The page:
What is a Housing Co-operative, or what makes Co-operative housing Unique?
In a housing co-operative, the housing development is jointly operated by its members. They own membership shares in the corporation, giving them the right to occupy a dwelling unit and participate in the operations of the corporation. The co-operative housing corporation owns the total property.
It is a unique form of home ownership, the people who live in the housing co-operatives are its members. From the beginning, they decided on the planning, design, and day-to-day management of the co-operative.
Membership means control. Each year members elect from among themselves a Board of Directors to run the housing co-operative. They serve on committees with various responsibilities such as new member selection, member relations, maintenance, finance and social/recreation. Sometimes they hire staff, but the final decisions and responsibility rests with the members.
The units in a housing co-operative are not individually owned. They are owned by the co-operative and cannot be bought or sold for profit.
Co-operatives offer control of one's living environment and a security of tenure not available in rental housing, not subject to landlords.
Instead of rent, members pay a monthly housing charge to cover all costs. Charges rise only as costs increase.
Community Control - As mutual owners, member participate at various levels in the decision-making process. This is not true of tenants who usually do not have the opportunity to exercise responsibility. Members own the co-operative together and have the security of being able to remain in their homes for as long as they wish, as long as they meet their monthly obligations, and abide by the co-operative by-laws, house rules, and policies.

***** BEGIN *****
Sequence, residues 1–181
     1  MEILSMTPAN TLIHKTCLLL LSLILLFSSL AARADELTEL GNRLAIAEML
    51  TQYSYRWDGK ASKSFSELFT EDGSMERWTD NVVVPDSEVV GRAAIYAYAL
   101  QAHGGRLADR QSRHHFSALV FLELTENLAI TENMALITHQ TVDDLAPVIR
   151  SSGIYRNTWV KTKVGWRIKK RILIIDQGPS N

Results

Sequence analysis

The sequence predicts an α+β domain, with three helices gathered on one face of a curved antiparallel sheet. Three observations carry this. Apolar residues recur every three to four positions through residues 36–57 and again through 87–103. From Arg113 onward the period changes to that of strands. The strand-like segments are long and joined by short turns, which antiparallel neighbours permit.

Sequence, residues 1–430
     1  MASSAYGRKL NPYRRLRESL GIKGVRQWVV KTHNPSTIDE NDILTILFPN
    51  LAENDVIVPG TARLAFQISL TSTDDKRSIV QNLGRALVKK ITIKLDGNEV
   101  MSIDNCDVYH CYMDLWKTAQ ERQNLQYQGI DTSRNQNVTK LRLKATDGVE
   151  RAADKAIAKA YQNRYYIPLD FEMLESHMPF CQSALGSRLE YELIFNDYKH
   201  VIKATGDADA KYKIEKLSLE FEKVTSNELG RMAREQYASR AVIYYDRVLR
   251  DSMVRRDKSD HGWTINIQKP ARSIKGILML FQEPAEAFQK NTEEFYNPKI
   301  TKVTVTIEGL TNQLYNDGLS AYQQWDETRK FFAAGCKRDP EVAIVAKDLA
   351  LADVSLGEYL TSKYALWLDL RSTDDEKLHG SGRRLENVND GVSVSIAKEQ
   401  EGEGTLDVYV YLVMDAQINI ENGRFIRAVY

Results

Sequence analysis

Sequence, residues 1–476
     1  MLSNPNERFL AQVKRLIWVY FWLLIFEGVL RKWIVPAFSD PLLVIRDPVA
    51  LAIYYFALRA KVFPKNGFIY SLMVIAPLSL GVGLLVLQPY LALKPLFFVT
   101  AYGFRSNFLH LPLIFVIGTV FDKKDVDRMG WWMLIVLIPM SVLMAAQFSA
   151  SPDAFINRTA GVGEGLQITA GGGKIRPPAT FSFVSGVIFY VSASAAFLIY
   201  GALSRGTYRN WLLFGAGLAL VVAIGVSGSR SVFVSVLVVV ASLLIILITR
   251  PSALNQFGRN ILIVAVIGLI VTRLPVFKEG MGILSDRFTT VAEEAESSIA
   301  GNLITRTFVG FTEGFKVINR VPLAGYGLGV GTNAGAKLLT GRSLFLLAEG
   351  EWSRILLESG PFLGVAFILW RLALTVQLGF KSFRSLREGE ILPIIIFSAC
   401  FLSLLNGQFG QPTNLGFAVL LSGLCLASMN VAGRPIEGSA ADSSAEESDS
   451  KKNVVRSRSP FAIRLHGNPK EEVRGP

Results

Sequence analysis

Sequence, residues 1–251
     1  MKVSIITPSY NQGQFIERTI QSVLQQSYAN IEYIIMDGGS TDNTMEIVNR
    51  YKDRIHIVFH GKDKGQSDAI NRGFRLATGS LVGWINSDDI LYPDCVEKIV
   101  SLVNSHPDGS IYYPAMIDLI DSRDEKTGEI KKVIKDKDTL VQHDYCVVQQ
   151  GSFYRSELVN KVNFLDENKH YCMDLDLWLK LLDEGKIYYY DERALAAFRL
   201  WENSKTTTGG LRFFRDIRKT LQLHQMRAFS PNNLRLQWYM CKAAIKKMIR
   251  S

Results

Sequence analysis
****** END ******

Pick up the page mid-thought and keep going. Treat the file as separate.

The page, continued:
Cultural Diversity - Many co-operative members indicate that the possibility for interaction with people from different backgrounds, cultures, and income levels is a positive factor in their decision to become a member.
Co-operatives accommodate all kinds of people. In some, units are reserved for householders with special needs. For seniors, co-operatives are often just the right combination of security and affordability. Co-operatives are communities within larger communities. Members share common goals and a sense of identity.
Democracy - Each member has one vote in making decisions on important matters such as housing charges, the election of directors and the regulations members will be expected to follow.
Shared Maintenance Responsibilities - Co-operative members usually have direct maintenance responsibilities. The co-operative is responsible for upkeep of common grounds and facilities, major repairs, insurance and replacement of worn-out equipment. For the major items the work is contracted to professionals.
Vandalism and Security - Co-operative members vigorously protect their property. An important benefit of co-operative ownership is reduction in vandalism and abuse of property and improved and shared security arrangements. Recent studies show that the co-operatives' presence in the neighbourhood brings crime down in the area.
Co-operative Housing - Over one million families are provided with pleasing and affordable places to live through housing co-operatives. Owned and controlled by members, co-operative housing often provides significant savings over physically comparable rental or single-family housing.
Non-profit Co-operative Housing Means...
Non-profit co-operative housing is design to be affordable. Unlike rents, co-operative housing charges rise only with increase in operating costs. Co-operatives provide housing at cost to low and moderate incomes.
Members have the right to continue to live in the co-operative for as long as they choose, providing they respect the obligations of membership.
Each member has one vote in making decisions on important matters such as housing charges, the election of directors and the regulations members will be expected to follow.
Good Quality, Modest Housing
Co-operatives seek to provide the highest quality housing possible within cost guidelines, both in initial construction and through continuing maintenance.
Co-operatives are communities within larger communities. Members share common goals and a sense of identity and pride from working together... Co-operatives make good neighbours, and can revitalize decaying neighbourhoods. Many set up recreational, social, educational and mutual help programs.